I love hip hop. I really do. Despite the genre’s controversial nature, it’s saved my life. It’s been there when I was depressed; it’s been there when I needed a creative outlet; it’s been there to make my vocabulary more colorful (word). Though baby boomers don’t understand hip hop, it’s been an extraordinarily powerful culture and genre of music for me as well as many others worldwide. Believe it or not, I don’t where I’d be without hip hop.
Though the hip hop lifestyle has been so influential for me, I’ve been finding myself listening to it less and less and becoming less interested in the culture. Though I still make beats and cover hip hop songs on acoustic guitar, I’ve become more and more reluctant to listen to my friends’ recommendations of up-and-coming hip hop artists.
My first complaint was about the ubiquitous use of and references to prescription drugs such as Xanax. My second complaint was about this weird trend of artists defiling their faces with tattoos. And now, artists are willing to act violently over simple opinions.
This past weekend, Lil B The Based God was supposed to perform at the Rolling Loud Festival. Unfortunately, he didn’t. He announced that A Boogie with the Hoodie, PNB Rock, and their crews jumped him in a video that is now viral. The violence was a result of Lil B simply stating that he wasn’t a fan of A Boogie’s music. Instead of retaliating, Lil B forgave them and proved that his belief in positivity wasn’t simply a marketing scheme. As of today, Lil B and A Boogie have made amends.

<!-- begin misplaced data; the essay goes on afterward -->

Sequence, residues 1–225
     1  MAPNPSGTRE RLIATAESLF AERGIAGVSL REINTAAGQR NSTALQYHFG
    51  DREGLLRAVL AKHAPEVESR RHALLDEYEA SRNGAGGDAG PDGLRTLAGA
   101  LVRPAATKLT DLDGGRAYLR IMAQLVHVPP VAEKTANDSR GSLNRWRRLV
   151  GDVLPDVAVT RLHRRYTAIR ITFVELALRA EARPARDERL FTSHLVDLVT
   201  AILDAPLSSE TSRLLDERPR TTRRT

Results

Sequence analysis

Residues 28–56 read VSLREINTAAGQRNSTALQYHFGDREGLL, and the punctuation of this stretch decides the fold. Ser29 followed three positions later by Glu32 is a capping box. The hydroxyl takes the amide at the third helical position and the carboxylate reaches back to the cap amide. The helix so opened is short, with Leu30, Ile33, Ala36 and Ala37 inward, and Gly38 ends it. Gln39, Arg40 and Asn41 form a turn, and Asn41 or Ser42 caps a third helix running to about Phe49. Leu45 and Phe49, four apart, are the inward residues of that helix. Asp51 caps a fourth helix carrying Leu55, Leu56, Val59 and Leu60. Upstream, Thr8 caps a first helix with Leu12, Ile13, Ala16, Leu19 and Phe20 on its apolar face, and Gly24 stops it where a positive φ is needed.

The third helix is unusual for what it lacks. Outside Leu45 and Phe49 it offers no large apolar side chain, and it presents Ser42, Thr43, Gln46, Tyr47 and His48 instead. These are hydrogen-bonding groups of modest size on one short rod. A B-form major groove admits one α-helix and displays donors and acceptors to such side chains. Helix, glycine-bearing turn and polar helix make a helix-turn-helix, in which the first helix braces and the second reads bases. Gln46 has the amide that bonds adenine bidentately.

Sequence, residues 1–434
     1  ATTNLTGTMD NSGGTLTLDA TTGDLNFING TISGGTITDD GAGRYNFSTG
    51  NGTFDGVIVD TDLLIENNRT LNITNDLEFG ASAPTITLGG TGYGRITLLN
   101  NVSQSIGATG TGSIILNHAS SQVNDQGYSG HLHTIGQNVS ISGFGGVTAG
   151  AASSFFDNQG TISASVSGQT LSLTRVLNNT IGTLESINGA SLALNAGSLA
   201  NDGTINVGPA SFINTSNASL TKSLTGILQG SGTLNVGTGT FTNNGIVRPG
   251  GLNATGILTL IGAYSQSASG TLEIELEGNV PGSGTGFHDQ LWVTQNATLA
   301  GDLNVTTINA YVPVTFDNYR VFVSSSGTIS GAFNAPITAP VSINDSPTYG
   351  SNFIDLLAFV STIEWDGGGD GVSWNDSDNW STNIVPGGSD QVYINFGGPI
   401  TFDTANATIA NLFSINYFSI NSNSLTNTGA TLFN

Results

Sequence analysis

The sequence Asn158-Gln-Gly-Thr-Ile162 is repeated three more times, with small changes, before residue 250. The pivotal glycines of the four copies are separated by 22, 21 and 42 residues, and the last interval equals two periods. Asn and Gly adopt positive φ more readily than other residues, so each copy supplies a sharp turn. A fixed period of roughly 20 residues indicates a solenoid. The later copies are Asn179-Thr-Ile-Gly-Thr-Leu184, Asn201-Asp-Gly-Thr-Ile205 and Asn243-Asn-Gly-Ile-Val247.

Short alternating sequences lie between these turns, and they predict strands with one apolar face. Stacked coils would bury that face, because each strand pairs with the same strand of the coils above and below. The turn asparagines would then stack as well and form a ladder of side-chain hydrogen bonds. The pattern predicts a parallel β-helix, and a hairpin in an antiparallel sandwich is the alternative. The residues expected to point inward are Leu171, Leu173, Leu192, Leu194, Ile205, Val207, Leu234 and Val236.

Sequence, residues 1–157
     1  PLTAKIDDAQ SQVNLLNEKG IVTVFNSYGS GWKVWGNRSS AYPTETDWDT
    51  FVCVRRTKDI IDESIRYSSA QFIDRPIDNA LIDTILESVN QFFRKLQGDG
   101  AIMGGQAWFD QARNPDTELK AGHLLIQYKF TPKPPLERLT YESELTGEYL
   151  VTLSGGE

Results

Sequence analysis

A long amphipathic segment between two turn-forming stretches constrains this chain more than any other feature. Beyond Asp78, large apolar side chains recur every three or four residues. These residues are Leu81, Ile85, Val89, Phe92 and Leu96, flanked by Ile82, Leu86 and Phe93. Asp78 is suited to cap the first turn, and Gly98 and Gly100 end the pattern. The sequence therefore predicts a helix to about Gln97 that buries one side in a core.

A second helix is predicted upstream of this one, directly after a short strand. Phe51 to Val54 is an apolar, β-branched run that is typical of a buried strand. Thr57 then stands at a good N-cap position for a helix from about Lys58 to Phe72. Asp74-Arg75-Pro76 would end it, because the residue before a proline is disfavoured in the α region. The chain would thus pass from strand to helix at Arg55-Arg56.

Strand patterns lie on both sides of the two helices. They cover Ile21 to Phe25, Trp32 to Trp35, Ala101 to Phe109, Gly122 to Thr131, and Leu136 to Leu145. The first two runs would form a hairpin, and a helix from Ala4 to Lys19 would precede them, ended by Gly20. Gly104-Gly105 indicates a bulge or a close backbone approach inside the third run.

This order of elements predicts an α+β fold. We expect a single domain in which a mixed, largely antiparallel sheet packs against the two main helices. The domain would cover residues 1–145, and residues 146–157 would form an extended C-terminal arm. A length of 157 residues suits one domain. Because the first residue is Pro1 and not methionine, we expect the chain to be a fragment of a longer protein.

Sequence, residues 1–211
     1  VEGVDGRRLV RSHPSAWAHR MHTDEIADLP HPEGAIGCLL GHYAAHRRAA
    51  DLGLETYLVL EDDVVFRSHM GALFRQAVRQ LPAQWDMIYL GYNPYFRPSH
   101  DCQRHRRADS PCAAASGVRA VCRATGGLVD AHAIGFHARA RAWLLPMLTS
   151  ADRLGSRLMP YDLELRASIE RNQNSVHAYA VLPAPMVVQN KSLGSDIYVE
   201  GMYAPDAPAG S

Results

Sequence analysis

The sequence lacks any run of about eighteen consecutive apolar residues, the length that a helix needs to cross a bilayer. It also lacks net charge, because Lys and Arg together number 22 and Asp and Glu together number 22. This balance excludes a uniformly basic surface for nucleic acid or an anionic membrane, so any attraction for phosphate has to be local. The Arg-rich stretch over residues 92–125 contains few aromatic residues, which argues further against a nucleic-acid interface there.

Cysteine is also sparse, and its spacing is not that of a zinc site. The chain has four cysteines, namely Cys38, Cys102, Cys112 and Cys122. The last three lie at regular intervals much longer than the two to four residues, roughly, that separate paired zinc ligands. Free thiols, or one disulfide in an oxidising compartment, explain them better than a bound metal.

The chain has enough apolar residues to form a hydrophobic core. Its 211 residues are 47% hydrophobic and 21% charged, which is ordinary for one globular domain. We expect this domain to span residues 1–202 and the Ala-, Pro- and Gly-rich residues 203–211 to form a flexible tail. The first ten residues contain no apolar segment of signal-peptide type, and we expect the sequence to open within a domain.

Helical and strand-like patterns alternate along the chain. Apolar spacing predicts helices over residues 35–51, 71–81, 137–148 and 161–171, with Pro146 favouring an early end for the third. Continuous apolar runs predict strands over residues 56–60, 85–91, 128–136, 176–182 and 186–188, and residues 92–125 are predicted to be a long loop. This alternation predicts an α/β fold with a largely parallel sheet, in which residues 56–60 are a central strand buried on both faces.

Though the issue has been resolved, I still don’t understand why A Boogie and PNB Rock had to immediately resort to violence. When I first saw this video, I was absolutely appalled. I asked, “What made them resort to violence like this?” And I was told it was Lil B’s opinion on A Boogie’s music.
Sure, A Boogie might have felt disrespected, but couldn’t this be resolved with a simple conversation if there wasn’t one before, a one-on-one conversation? Not only was A Boogie’s action absolutely butthurt and nonsensical, it was also cowardly. It was especially the latter, since the Based God is a benevolent, non-violent person.
And to reiterate, this was an opinion. Lil B did not mention A Boogie’s family; he didn’t give him a f*** you; he simply stated his opinion. Sure he was making fun of his song, Drowning, but Lil B wasn’t saying anything warranting violence.
Chance the Rapper felt offended by Joe Budden’s comments on his song and he only felt the need to use words. Lil Uzi Vert also felt the same way when Budden gave his opinion on Luv Is Rage 2, and he simply responded with a meme. Would you jump someone every time they had a negative opinion about you?
Lastly, this situation is an example of successor attacking a predecessor and it’s honestly not a good move for A Boogie and PNB Rock. Some artists in hip hop have a lot of power and Lil B is one of them. He may not have the same power that Jay-Z or Eminem have, but nonetheless he’s the most influential artist in the last couple of years.
Artists such as Uzi and Yachty have cited his influence on their music, and A Boogie and PNB Rock are member of this new wave of hip hop. Although members of the Task Force were bystanders during the jumping, they probably look at A Boogie and PNB Rock unsavorily, especially since Lil B had to cancel his set. Thus, the two artist could get blackballed, and is it really worth it over an opinion?
The most amazing thing about this situation is Lil B’s ability to forgive the two artists despite their detestable action. Hip hop is a culture full of grudges and beefs, and for Lil B to go against the grain is absolutely incredible.
Overall, though, hip hop needs to get its s**t together. Maybe A Boogie and PNB Rock are tough guys, but they don’t appear so tough when they needed 16 guys to jump a guy who walks around without security.
Is this what hip hop’s become: resorting to immediate violence in response to an opinion? If so, it needs to stop.
By the way A Boogie, you do sound like Def Loaf in Drowning.